The “back then” generation of youngsters certainly enjoyed the special treats of summer from watermelons to homemade ice cream. However, long days of hard work, hot houses and hotter fields took a lot of the “good” from “the good old summer time.” Except for the stiff new clothes and shoes that marked the start of a new school year, autumn was generally a happier time. Even classrooms came to be more attractive than cotton patches.
It is difficult for present-day people to understand that in an economy with limited cash and even less credit, tasty treats came from nature, from field, orchard or forest. Few people had enough money to become obese from consuming too much candy or other foods loaded with refined sugar. Autumn brought seasonal delights.
Fields and orchards yielded varied and abundant nuts: peanuts, pecans and walnuts. Peanuts were grown both as a cash crop and for hogs to root up and eat in the field to fatten up for market. At early maturity — late August or September — they became human food as a treat, boiled peanuts. There were parties focused on peanut consumption, but often involving games or maybe some romantic encounters. When mature nuts were dried, they became a different food, tasty eaten raw, but much better if roasted or added to a syrup-based candy (peanut brittle).
In late October and November, pecan trees yielded their treasures. Timing of nut-fall varied with variety with some seedlings hanging in the tree until Christmas. A few landowners had orchards large enough to produce a significant cash crop. Others hoped to gather enough to pay their ad valorem taxes at the end of the year, but most just had a few trees to provide nuts for family consumption.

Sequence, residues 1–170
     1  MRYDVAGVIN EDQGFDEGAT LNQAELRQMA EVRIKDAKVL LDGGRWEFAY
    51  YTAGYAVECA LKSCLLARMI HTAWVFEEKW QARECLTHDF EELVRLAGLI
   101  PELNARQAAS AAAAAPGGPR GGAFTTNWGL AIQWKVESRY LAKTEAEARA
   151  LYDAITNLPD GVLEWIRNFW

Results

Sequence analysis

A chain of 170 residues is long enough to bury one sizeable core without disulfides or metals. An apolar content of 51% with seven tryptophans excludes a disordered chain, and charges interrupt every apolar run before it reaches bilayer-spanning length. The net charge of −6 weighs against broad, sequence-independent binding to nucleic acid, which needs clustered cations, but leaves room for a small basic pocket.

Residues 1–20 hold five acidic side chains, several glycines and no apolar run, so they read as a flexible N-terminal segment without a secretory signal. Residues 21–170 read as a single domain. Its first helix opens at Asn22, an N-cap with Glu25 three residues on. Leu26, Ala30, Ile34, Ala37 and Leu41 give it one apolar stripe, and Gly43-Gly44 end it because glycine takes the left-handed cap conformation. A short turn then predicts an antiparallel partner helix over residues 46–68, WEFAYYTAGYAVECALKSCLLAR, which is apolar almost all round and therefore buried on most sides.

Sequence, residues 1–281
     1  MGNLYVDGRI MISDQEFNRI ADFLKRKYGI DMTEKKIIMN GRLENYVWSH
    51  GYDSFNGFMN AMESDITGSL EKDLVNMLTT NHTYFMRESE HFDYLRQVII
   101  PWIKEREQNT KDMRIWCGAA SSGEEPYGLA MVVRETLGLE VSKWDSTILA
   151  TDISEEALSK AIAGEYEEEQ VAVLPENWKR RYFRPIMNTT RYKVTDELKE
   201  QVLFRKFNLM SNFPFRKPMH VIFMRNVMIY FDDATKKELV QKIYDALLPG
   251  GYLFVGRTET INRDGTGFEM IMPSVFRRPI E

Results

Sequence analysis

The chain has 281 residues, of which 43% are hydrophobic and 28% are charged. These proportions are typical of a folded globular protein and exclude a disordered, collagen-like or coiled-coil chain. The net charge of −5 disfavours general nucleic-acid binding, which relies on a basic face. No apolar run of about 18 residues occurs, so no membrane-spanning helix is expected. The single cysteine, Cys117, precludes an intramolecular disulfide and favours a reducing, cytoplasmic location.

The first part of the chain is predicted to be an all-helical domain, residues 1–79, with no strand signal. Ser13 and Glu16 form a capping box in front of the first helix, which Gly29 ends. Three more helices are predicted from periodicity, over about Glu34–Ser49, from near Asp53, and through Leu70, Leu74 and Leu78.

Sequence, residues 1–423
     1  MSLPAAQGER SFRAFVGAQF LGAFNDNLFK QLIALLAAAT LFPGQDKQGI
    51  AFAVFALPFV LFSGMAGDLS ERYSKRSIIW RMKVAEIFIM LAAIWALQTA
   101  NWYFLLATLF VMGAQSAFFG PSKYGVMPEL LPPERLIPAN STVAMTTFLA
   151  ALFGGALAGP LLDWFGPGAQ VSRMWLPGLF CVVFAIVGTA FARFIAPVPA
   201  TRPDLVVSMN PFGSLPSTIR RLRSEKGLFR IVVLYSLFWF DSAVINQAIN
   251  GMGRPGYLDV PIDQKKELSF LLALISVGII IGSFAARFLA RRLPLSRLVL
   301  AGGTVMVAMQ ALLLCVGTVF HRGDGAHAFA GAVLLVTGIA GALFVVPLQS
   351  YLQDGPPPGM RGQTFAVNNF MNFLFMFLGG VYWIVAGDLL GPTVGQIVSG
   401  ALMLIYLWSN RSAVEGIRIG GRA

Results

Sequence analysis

There are many delightful ways to use pecans in cooking. There are numerous recipes for pecan pie, none of them bad. They are added in various ways to cakes, cookies and candies. Perfect divinity candy topped with half of a pecan is even more heavenly than fudge with pecan chunks added. They are good simply roasted. However, many oldsters remember best their childhood experience of gathering freshly fallen pecans, then cracking them, picking out the “meat” and eating them on the spot.
Walnuts were different. No one grabbed a couple of them and cracked them in the hand. They were the native black walnuts with a hard, thick shell, black on the outside and nearly impenetrable. The fruit of the nut was limited in volume but tasty, the very essence of walnut flavor.
Extraction required a hard base (brick or metal) and a hammer or similar tool. A walnut was placed on the base and struck firmly but very carefully so as to avoid destruction of the nut fruit or of fingers holding the nut in place. Even when opened, walnuts resisted surrender of their contents, which were nested in convoluted nooks and crannies. Instruments were needed to extract the precious nut. That which worked best was the loop of a hairpin or bobby pin borrowed or purloined from some adult female relative. Needless to say, walnuts were not widely used in cooking.
Autumn was the time when sugar cane became ready for harvest, just after the first good frost but before a damaging freeze. Of course, the primary use for sugar cane was to reduce its sugary juice into syrup by boiling, although a few people processed it further into sugar (brown, not refined). However, it was not for nothing that the event was referred to as “cane grinding.” Crushing cane between heavy metal drums in a mule-powered mill yielded an abundant flow of juice, which was enthusiastically consumed by young and old alike.
This was a treat that was readily obtained and copious in volume. Kids could drink all they wanted unless some adult thought that “too much might make you sick.” However, they were admonished to approach quietly and carefully lest they scare the mule.
Enjoyment of sugar cane was not limited to cane grinding days. There was also chewing cane. The interior of a stalk of cane is a malleable fiber filled with juice, mostly sugar and water. The outside is a hard peeling colored red, green or striped depending on variety of cane. The stalk is jointed and there is a hard separation between joints. The sweet juice can be enjoyed by stripping off the peeling with a knife, cutting the fiber into bite-size rolls and crushing out the juice by chewing. This treat was available from the time the cane matured in the cane patch until it was harvested.
The prospect of chewing cane probably does not appeal to most contemporary youngsters, but I would happily do it again if my aged teeth were up to the task.
Roger G. Branch Sr. is professor emeritus of sociology at Georgia Southern University and is a retired pastor.